This shortsightedness continued with President George H.W. Bush, who ignored the Iranian involvement in international terrorism and suppression at home in his secret negotiations with Ayatollah Rafsanjani, then the Iranian president, who had promised better relations. That effort also failed, just as President Clinton (who looked the other way at Iran’s involvement in the Khobar Towers bombing in Saudi Arabia) failed in negotiating with Mohammad Khatami, the succeeding Iranian president, who also offered cooperation while secretly purchasing parts for Iran’s nuclear project.

Interestingly, Mr. Rowhani participated in the regime’s deceitful policies. He was put in charge of Iran’s nuclear team in 2003 by order of the so-called moderate president, Ayatollah Khatami, and the supreme leader, Ayatollah Ali Khamenei. He succeeded in preventing further United Nations resolutions by agreeing to suspend parts of Iran’s nuclear activity, but, as the International Atomic Energy Agency indicated, Iran’s nuclear program never truly stopped.

In 2008, Abdollah Ramezanzadeh, the former parliamentary speaker and secretary of the Iranian government during Ayatollah Khatami’s term, revealed that while Ayatollah Khatami was president and through Mr. Rowhani’s efforts, “we had an agreement for the suspension of enrichment, but we were importing all the necessary parts for our nuclear activity. We were conducting our policies on two fronts: one to continue negotiations openly and keep the Americans away from such negotiations, and the other to continue our nuclear activities in secret.”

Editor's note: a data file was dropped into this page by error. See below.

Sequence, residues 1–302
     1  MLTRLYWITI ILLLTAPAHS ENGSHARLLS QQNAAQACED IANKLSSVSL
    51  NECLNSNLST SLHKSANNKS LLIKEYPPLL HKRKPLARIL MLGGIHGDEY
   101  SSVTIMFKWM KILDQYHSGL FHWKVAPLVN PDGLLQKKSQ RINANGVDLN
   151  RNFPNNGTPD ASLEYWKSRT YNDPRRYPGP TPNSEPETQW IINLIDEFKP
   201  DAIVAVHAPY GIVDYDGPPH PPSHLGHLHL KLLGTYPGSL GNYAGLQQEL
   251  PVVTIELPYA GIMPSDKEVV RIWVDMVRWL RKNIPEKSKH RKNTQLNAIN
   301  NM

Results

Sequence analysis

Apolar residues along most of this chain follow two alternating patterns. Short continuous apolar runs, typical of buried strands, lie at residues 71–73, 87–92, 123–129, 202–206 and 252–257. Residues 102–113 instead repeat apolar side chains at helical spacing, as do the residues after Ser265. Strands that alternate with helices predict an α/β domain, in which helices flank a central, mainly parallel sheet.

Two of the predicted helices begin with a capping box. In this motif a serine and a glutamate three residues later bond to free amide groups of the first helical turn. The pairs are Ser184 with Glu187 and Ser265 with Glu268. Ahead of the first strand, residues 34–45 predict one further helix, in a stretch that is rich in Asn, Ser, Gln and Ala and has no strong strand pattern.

In 2009, when millions of Iranians came out protesting the fraudulent presidential election and shouting slogans against the Islamic regime, Mr. Rowhani called them “thugs” and said, “If the regime had not acted, the revolutionary forces [plainclothes police] would have put the protesters in their place.” He made a similar statement about the 1999 student uprising: “These students are so despised and inferior that they could not be labeled as a movement to change the regime. If the officials had not prohibited [the students from rioting], our people would have cut them in pieces.”

The clerics this time around have found themselves under harsh international sanctions that have drastically worsened the country’s economy and raised the possibility of instability by hungry masses. Therefore, they once again needed to play the good cop by selecting Mr. Rowhani and providing the hope to the West that if more negotiations take place and sanctions are eased, then the so-called moderates can bring change from within, a lure that has worked many times before.

The West, not understanding the political infrastructure of the clerical establishment, has continuously hoped for a Mikhail Gorbachev-like figure in Iran. Now more than ever, though, it must demand action rather than a smile and a nod. The Islamic regime is on the path to becoming nuclear armed and, in the clerics’ minds, untouchable.

Reza Kahlili is a pseudonym for a former CIA operative in Iran’s Revolutionary Guards and author of “A Time to Betray” (Simon & Schuster, 2010).